Despite approving of the series’ effort to uncover hidden corruption, however, Morris and the Socialist League took issue with Stead and his followers’ mode of addressing the corruption. While Stead successfully pushed Parliament to enact stricter legislation against social vice, Morris, as he says in his letter to the PMG, was “far from sure as to the wisdom of some of the main provisions of the bill.” Morris wanted instead to attack what he saw as “the real cause.” When the Socialist League held a special meeting on 5 August 1885 to discuss the PMG’s revelatory series, they immediately saw that the disclosures presented an opportunity to make the case for socialism before a public primed to resent corrupt authority. Morris argued at that meeting, as reported in the September 1885 Commonweal: “We have nothing to do with the mere immorality. We have to do with the causes that have compelled this unhappy way of living; the causes that drive girls and women into the streets, to sell their love, not to give it. These causes are the same that make a man degrade himself by over-hours and competition. There is the closest of relations between the prostitution of the body in the streets and of the body in the workshops” (78). “The real Minotaur,” Morris said, “is Capital – not one man, but the whole system is guilty.”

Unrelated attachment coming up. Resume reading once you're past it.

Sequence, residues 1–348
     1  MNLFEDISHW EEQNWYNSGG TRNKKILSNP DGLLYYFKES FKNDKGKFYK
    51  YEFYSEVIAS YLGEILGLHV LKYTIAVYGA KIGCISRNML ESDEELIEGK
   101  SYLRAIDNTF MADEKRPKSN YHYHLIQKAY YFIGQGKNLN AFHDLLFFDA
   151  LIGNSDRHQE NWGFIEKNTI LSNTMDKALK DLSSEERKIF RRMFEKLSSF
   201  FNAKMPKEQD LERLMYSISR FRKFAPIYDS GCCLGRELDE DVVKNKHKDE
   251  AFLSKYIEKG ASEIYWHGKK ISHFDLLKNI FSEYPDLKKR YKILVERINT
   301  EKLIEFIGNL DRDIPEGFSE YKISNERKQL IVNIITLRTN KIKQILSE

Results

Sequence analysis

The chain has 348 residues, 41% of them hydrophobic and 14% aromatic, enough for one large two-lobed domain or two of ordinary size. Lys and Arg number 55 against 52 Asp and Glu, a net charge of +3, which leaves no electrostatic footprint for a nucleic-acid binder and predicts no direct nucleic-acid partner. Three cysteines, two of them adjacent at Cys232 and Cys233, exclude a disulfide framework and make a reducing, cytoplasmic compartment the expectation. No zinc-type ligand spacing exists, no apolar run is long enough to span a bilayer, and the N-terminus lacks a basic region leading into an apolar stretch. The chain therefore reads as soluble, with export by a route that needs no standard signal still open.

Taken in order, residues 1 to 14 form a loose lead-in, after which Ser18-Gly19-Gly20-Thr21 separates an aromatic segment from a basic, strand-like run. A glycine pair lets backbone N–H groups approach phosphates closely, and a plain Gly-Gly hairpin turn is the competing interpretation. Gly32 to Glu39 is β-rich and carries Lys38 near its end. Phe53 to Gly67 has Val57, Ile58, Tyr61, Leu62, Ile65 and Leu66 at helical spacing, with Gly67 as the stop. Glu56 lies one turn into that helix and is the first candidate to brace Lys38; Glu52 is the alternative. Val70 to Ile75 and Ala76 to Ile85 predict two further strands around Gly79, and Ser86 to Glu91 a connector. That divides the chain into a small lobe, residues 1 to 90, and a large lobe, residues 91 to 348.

Such a response, which insisted that child prostitution be considered as just one symptom of a wider social disease, proved less attractive to the public than the more local and immediate response offered by Stead. Nevertheless, Morris argued in his letter to the PMG that “it is misleading and dangerous to put any other view than this before people.” The argument that child prostitution can be addressed through social purity legislation, Morris says, is not only misleading, it is actively harmful. Morris’s response to this issue might be viewed as emblematic of a broader failure on the part of late-nineteenth-century socialists to seize on events of the day to generate public will for change; E. P. Thompson has argued, for example, that the Socialist League’s insistence on ideological “purism” cost them many converts during the New Unionism labor movement of the 1880s (438). And yet, we can also view Morris’s letter as expressing an admirable restraint in opposition to the slippery slope of reactive legislative offered by the more opportunistic Stead.

Bibliography: Thompson, E. P. William Morris: Romantic to Revolutionary. New York: Pantheon, 1955.